A Texas appellate panel said Thursday a trial judge shouldn't have denied a dismissal bid in a medical malpractice suit alleging a doctor caused a patient's death by failing to timely order exploratory surgery, saying the estate’s expert testimony was "conclusory and inconsistent."

  • December 14, 2017

    NJ Justices Say Conference Needed Over Med Mal Testimony

    The New Jersey Supreme Court reinstated a medical malpractice lawsuit against Newark Beth Israel Medical Center that had been tossed over the late submission of an expert witness' statement, ruling on Thursday that the parties had been entitled by law to a conference to discuss any concerns about the testimony.

  • December 14, 2017

    Harris County Sues Pharma Cos. Over Opioid Epidemic

    Harris County, Texas, filed a lawsuit in state court in Houston on Wednesday against 18 pharmaceutical companies and four local doctors, alleging they are collectively responsible for contributing to the opioid epidemic and are liable for covering the costs of responding to it.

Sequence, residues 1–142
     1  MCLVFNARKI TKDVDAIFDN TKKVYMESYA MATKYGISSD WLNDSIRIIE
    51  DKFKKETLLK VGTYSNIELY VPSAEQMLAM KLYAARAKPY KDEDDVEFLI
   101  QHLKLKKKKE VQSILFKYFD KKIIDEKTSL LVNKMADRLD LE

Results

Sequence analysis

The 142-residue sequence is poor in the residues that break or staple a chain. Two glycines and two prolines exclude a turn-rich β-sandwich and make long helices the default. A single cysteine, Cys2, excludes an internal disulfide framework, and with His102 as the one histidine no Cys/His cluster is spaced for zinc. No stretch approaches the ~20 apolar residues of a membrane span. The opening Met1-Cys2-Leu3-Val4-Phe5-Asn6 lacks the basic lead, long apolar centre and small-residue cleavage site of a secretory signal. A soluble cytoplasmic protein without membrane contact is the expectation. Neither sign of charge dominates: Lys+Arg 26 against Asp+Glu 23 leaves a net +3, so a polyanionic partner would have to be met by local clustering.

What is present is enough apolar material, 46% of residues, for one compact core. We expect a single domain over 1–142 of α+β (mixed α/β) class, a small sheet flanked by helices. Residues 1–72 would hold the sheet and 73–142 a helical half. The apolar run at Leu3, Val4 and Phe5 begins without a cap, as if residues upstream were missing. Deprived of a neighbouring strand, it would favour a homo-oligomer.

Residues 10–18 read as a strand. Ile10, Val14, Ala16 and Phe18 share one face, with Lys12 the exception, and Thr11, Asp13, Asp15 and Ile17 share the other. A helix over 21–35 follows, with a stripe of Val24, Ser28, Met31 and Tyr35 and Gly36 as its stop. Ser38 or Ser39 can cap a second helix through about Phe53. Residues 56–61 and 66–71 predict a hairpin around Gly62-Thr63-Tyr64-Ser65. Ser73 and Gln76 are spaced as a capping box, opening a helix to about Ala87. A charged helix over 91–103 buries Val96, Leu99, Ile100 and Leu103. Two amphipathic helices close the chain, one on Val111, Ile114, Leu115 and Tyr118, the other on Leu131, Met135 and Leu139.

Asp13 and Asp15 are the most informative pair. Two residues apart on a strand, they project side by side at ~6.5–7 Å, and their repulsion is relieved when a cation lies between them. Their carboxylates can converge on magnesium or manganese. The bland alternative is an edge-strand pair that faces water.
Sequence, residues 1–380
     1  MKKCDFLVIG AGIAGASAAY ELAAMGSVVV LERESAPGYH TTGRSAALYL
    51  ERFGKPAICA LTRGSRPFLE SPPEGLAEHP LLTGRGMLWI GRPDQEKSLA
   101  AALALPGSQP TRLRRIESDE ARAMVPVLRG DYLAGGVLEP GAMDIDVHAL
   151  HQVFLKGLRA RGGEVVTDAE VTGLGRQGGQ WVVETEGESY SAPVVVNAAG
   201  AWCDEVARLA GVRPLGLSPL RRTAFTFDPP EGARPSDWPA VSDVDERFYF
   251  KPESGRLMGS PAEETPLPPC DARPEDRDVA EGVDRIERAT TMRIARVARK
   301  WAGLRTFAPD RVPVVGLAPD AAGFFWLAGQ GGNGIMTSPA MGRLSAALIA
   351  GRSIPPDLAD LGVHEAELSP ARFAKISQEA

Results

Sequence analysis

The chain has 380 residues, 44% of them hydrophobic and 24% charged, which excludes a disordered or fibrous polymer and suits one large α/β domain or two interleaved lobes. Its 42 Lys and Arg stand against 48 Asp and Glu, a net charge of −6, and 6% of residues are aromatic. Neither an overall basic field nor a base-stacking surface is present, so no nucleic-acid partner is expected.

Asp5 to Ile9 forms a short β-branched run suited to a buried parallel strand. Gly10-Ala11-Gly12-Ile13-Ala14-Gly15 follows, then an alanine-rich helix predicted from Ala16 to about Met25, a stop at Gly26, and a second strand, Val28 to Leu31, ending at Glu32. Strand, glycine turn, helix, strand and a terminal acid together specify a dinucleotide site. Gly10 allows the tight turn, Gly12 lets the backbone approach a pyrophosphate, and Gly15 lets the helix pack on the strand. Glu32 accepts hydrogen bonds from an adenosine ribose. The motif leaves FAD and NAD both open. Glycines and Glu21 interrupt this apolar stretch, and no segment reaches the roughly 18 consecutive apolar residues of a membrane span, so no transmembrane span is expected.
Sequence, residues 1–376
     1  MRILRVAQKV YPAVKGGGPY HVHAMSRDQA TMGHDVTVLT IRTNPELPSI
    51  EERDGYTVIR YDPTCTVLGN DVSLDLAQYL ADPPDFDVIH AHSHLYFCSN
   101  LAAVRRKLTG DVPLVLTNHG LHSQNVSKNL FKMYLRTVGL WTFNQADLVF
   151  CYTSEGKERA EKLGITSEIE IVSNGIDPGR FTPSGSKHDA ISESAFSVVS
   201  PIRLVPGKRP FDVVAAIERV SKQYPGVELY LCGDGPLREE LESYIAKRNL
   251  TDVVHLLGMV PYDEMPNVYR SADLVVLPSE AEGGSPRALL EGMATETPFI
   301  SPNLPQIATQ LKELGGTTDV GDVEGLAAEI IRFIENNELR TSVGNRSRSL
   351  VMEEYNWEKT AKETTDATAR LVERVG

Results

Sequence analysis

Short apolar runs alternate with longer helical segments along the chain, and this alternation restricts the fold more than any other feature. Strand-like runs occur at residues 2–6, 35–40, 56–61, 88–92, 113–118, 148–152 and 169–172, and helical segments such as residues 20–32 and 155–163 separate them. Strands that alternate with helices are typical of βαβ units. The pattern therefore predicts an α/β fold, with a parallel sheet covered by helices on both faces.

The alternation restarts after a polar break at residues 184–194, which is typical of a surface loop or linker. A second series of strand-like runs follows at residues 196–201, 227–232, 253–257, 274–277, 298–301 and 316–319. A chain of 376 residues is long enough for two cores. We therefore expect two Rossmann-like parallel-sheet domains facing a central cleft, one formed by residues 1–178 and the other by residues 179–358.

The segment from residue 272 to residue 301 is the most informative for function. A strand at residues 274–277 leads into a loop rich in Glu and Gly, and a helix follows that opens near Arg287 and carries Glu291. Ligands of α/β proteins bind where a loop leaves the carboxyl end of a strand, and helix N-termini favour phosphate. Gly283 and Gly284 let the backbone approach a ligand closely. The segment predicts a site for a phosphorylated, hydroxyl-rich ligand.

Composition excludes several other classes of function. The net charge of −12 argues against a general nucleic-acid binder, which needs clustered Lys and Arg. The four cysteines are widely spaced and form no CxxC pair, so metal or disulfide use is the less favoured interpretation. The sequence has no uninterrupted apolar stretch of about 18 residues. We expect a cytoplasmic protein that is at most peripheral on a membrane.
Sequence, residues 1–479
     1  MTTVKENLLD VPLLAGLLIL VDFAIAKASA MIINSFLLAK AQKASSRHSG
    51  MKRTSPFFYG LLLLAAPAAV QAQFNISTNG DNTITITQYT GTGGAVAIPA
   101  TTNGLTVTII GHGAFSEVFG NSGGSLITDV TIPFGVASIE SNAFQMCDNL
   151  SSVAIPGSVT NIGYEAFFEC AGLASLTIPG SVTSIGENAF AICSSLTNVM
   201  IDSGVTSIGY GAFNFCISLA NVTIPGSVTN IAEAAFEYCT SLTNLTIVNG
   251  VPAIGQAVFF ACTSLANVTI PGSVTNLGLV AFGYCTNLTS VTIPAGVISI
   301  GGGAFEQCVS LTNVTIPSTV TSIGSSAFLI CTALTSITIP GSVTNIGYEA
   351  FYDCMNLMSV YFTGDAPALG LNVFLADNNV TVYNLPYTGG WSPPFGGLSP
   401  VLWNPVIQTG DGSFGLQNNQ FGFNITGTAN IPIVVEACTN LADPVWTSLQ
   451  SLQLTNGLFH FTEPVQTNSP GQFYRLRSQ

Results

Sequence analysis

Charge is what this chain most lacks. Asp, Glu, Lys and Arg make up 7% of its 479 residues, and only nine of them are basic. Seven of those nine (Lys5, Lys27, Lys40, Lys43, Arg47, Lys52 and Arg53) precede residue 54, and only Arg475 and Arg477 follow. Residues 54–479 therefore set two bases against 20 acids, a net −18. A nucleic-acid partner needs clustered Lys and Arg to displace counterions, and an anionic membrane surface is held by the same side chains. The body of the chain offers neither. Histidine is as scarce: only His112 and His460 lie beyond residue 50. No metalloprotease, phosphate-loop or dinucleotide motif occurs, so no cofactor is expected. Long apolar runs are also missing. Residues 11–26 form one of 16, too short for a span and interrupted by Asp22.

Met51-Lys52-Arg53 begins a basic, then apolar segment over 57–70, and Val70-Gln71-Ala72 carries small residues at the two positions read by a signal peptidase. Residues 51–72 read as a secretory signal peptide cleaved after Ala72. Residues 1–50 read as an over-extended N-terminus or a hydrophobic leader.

• December 14, 2017

    Health Provider Must Face Insurer Suit Over Client Death

    An Illinois federal judge ruled Wednesday that a mental health care provider will have to face a suit by Philadelphia Indemnity Insurance Co. alleging it should not have to defend the provider in an underlying suit over a patient’s suicide.

Expert Analysis

  • Series

    Making Pro Bono Work: Can You Practice In Your State?

    Eve Runyon

    The justice gap is a well-documented problem and over the past two decades, law firms have mobilized attorneys to provide millions of hours of pro bono every year. But for many in-house counsel, there remains a big hurdle — restrictive multijurisdictional practice rules, says Eve Runyon, president and CEO of Pro Bono Institute.

  • Opinion

    Representing Women At The Intersection Of Law And Finance

    Andrea Mitchell